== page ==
Mortgage rates were already close to the highest levels in more than 20 years yesterday--an unpleasant milestone that was easily surpassed after today's Job Openings data came in much higher than expected.
Interest rates are always dependent on the economy and inflation--sometimes more than others. Even without the Federal Reserve, rates would still need to pay attention to these things and stronger econ data would still imply higher rates, all other things being equal.
But the Fed's role as short-term rate setter only amplifies the volatility produced by key economic data. This is especially true in recent months as the Fed reiterates a "data dependent" stance time and again. It is also especially true for reports the Fed has specifically called out. Today's report is one of only a handful.
Job openings have been declining since March, and that's a good thing for rates, technically, but the decline hasn't been as quick as expected. Then days like to day cast doubt on the decline. Openings jumped to 9.61m from 8.92m previously. They'd need to be under 8m for the Fed to feel that its policies were having the desired impact on the labor market (and thus, on inflation prospects).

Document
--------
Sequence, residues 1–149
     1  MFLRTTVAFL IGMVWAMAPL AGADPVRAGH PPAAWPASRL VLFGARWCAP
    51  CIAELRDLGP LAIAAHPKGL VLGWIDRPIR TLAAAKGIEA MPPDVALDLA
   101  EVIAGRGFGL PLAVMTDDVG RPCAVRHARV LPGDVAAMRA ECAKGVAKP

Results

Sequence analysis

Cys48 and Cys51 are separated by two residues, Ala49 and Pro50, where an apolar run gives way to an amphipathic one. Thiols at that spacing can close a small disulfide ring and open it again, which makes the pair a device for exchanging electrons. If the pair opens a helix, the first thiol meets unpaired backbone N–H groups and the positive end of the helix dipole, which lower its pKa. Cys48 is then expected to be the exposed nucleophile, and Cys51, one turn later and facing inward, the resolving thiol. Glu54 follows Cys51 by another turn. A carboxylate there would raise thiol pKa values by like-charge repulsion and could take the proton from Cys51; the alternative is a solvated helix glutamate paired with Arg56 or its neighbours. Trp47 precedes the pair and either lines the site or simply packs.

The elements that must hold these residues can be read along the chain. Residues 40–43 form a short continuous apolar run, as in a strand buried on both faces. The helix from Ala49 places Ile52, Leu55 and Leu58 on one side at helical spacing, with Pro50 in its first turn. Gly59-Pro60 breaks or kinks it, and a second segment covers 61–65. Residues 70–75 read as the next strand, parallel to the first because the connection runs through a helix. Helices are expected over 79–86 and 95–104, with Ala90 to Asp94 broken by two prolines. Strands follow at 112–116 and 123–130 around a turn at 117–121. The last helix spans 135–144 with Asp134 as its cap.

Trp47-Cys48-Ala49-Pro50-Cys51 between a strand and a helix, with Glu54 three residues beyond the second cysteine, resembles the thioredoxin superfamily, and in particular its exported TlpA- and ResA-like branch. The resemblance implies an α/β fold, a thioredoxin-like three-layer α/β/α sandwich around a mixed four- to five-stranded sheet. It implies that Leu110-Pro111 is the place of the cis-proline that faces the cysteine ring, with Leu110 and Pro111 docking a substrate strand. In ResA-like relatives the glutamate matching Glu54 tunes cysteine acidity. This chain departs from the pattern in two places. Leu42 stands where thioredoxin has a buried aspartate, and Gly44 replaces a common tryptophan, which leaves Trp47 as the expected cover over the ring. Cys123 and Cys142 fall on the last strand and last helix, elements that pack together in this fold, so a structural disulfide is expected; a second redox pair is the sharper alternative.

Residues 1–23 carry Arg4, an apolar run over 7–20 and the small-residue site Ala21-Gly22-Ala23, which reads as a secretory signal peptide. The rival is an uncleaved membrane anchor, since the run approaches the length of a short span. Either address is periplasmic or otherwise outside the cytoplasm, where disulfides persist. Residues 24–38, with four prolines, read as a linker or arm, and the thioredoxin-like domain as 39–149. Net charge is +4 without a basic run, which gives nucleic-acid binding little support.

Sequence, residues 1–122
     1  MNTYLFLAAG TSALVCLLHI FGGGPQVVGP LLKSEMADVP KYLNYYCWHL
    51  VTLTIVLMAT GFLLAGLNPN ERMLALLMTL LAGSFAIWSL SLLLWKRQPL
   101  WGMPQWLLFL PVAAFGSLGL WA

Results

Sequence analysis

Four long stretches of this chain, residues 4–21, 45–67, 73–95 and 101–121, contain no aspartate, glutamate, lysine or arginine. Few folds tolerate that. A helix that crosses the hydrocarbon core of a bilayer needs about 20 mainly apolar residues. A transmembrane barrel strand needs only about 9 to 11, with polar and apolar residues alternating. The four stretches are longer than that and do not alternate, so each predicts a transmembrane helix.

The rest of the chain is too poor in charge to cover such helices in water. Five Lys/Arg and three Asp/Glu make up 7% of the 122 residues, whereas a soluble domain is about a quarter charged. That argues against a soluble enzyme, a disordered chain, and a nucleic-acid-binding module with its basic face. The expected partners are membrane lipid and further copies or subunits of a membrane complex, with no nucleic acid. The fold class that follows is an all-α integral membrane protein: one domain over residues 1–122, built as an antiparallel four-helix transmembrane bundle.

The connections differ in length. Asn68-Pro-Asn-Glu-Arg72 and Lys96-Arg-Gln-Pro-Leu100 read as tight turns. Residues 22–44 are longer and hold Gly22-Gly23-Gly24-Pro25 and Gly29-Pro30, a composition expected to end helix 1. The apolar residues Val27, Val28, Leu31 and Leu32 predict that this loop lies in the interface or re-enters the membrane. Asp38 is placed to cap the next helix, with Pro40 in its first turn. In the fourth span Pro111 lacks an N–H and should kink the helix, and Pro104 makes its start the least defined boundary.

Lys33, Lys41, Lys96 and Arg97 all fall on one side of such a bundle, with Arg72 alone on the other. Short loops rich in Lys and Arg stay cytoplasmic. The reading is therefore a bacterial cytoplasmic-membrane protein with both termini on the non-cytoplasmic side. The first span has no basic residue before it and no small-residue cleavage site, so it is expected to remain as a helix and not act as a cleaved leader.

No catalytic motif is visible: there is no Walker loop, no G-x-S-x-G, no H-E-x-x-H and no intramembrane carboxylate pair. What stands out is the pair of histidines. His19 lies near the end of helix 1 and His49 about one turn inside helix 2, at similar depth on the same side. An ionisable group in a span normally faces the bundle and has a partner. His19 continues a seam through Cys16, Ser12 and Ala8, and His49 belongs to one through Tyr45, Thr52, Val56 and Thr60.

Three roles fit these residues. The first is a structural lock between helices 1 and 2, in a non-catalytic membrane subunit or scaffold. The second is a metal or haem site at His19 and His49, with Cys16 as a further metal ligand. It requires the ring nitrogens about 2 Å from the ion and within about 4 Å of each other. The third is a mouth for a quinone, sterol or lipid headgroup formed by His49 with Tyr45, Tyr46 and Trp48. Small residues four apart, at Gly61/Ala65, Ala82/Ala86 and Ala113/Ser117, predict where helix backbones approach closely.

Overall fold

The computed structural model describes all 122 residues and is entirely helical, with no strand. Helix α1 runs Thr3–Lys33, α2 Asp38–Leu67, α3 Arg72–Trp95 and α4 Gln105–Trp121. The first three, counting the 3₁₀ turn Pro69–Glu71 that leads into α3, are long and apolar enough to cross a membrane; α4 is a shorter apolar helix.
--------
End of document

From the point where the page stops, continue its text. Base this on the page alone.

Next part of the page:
Much of the rapid rise in rates over the past two weeks has been in anticipation of this week's economic data. Traders were bracing for bad news. Today delivered. And now the market is bracing for more of the same in the remainder of the week. Risks are biggest on Friday morning when the Employment Situation (the bigger, more timely jobs report) comes out.
The average mortgage lender is now offering rates over 7.7% for top tier conventional 30yr fixed scenarios. Many borrowers are now seeing 8% rates (or seeing high upfront costs required to buy one's rate down into the 7's).
If the rest of this week's data is similarly strong, rates could go higher before they catch a break. Either way, breaks do indeed depend on the data.